Colonialism
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  Research study 1
 

photograph of sea pen Ptilosarcus gurneyi showing makeup of cology
Members of the Order Pennatulacea are colonies of polyps. The primary polyp of the sea pen after metamorphosis asexually buds off feeding (autozooid) and respiratory (siphonozooid) polyps that ultimately make up the colony.  The feeding polyps, located on the distal portions of the leaves, have tentacles for catching food, and the digestive cavities of all polyps are interconnected. The respiratory polyps are located on the rachis and these lack tentacles.  The seawater pumped into the colony by the respiratory polyps is probably less for gas exchange than for inflating and deflating the entire colony, a process that can happen quite quickly.

NOTE  lit. “tube or pipe animal” G., referring to its function of moving water into and out of the colony

 


Two individual colonies of Ptilosarcus gurneyi, one
expanded and the other pulled down into the soil 0.33X

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Research study 2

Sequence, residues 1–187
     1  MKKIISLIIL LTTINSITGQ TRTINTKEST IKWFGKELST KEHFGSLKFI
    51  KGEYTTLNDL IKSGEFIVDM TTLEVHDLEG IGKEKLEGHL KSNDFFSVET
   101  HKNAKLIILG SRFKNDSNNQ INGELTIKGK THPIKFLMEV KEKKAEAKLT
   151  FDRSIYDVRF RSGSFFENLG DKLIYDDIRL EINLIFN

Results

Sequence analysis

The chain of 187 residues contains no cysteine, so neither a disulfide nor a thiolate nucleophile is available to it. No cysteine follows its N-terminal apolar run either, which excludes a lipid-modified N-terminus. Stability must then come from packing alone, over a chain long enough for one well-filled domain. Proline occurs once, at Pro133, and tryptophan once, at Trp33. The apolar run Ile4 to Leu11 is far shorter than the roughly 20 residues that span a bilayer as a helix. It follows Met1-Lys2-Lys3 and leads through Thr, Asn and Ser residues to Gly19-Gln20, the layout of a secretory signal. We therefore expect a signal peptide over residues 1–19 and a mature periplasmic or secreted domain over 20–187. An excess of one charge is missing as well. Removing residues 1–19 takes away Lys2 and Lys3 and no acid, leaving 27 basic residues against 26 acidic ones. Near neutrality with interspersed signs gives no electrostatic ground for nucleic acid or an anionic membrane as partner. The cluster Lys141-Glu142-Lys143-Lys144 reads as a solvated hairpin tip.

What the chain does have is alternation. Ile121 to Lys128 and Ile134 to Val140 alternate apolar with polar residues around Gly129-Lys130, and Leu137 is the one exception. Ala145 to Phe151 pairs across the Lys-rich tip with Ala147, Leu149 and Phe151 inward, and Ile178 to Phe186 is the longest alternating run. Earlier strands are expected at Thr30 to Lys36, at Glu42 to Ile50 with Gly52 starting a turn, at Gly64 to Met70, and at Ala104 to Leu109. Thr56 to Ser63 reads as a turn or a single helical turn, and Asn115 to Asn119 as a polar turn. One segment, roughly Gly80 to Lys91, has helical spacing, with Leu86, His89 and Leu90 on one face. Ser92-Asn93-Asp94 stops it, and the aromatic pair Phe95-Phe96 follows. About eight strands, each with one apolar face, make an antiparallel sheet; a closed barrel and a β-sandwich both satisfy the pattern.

Colonies of sea pansies Renilla amethystina (koellikeri)are similar to sea pens in that they are made up of siphonozooids for water flow and autozooids for catching and ingesting food, but in this case the 2 types of polyps are scattered over the surface of the rachis.  There are many hundreds of inhalent siphonozooids, but only a single large exhalent one located on the midline of the rachis. A peduncle or holdfast support extends down into the sand from the under-surface of the rachis. The colonly undergoes periodic deflations and expansions. photograph of feeding polyps of a sea pansy Renilla amethystina courtesy Anderson & Case 1975 Biol Bull 149: 80Anderson & Case 1975 Biol Bull 149: 80.












Close view of autozooids (feeding polyps) of R. amethystina 5X

 

 




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